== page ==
research and development that takes an effort. Natural theology
(Romans 1:20) is an integral part of an authentic eco-spirituality
which has the following basic characteristics: a) respect for all
creation, b) openness to others' efforts and sufferings, and c)
sharing a cooperative enterprise by all of good faith.

Some people's spirituality is focused on all of creation --
the majesty and complex forms, the diversity of all beings, and the
part that we play in the web of life. These are the creation-
centered folks, who are praised for their reverence for all the
beings on the planet; but sometimes they overlook a redemption
approach. Within the creation-centered approach is an ecumenism
including people of various backgrounds who have an ecological
concern that is so needed today. Some believers, on the other
hand, emphasize human sin, the need for repentance, the saving
power of Christ, and the importance of Christ's redemptive act on
Calvary, namely a redemption-centered spirituality; their emphasis
is on individual salvation and the spiritual traveler looks to
God's merciful love of all and the need for forgiveness. Both
Creation and Redemption spiritualities have good aspects. The
first focuses on the interrelationships of all creatures but does
not deal with redemptive suffering; the second places emphasis on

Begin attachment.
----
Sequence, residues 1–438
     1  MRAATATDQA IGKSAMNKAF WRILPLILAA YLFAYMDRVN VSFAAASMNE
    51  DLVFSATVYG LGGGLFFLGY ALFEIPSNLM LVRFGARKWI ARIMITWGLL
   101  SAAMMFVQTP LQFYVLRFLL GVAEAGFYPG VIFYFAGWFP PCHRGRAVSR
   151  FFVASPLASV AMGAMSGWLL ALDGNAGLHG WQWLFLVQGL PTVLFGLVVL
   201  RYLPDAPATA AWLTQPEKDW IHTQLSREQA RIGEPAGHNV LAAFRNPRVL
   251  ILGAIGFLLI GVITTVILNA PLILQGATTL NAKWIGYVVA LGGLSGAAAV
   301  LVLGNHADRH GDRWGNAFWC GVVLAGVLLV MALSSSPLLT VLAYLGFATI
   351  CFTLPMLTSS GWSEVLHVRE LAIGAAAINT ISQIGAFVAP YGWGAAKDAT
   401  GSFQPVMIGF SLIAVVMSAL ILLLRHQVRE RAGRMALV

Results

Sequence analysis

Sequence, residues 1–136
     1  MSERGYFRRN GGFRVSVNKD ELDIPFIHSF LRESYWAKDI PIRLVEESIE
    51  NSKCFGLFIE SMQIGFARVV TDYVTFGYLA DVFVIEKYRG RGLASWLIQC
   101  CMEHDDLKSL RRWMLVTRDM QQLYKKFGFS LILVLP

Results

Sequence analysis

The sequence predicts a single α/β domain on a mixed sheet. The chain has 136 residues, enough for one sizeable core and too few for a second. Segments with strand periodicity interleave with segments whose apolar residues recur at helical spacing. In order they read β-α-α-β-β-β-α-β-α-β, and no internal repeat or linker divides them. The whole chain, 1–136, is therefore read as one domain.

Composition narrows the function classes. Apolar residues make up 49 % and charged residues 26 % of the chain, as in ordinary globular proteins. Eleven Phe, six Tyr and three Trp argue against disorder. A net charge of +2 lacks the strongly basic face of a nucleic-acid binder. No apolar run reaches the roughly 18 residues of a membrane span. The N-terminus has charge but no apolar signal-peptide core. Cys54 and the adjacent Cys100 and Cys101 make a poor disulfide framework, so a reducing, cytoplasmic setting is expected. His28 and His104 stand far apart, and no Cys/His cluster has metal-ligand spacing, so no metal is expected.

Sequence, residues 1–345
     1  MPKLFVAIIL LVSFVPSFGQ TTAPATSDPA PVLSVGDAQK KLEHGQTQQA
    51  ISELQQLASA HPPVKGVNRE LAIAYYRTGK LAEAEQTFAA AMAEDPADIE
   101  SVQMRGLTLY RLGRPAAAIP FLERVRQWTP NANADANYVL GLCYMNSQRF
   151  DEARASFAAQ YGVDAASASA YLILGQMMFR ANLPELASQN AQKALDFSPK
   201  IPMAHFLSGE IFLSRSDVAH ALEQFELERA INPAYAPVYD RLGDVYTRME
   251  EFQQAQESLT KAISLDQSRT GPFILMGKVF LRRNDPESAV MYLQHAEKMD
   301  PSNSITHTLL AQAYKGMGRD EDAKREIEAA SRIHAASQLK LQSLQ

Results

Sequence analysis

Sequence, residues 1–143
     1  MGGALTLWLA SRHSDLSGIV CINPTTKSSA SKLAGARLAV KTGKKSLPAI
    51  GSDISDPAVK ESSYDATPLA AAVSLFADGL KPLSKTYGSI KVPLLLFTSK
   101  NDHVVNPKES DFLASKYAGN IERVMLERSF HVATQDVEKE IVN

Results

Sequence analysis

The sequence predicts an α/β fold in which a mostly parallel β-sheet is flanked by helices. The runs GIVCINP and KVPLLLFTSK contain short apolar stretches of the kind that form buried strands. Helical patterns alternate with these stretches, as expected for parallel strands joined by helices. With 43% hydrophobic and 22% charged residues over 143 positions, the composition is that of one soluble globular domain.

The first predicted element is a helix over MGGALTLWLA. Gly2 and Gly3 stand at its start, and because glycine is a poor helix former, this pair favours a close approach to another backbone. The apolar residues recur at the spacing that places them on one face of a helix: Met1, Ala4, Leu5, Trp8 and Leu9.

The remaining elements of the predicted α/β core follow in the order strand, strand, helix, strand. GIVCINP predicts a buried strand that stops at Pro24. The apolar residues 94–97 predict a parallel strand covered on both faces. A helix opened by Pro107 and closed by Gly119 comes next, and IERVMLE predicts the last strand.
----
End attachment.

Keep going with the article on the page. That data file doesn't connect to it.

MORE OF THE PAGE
the individual person's relationship to God. However, both
spiritualities can be preserved without diminishment through a
Resurrection-centered spirituality.

During the Easter season one should emphasize the need for
healing our wounded Earth and her threatened inhabitants. We are
invited to enter into both creative and redemptive acts as members
of God's family; we die with Christ in our suffering so we can live
with him in a new creation -- a Resurrection-inspired movement with
the sense of victory and creative growth. In this spirit of
resurrection we could look again at an eco-spirituality that is
truly in tune with the time and place, the environment. How can it
be monolithic (single approach), if it is filled with the
creativity of the Spirit? With the change of seasons and places it
is best to proclaim an eco-spirituality through the seasons (see
Special Issues on this website). We need to include all creatures
and the saving and healing of our wounded and fragile Earth. Let
us find our own eco-spirituality that includes all tasks.

Prayer: Let us pray with Isaiah -- Speak out with a voice of
joy; let it be heard to the ends of the Eart
h. (Is.48:20)





A natural arrangement of pebbles in a creek, Woodford Co., KY.
*photo credit)

April 28, 2008 List Ways to Save Time

Some speak of wanting to forget the clock and live without any
scheduling through periods of unplanned activity or inactivity.
Certainly periods of rest and even unplanned use of time are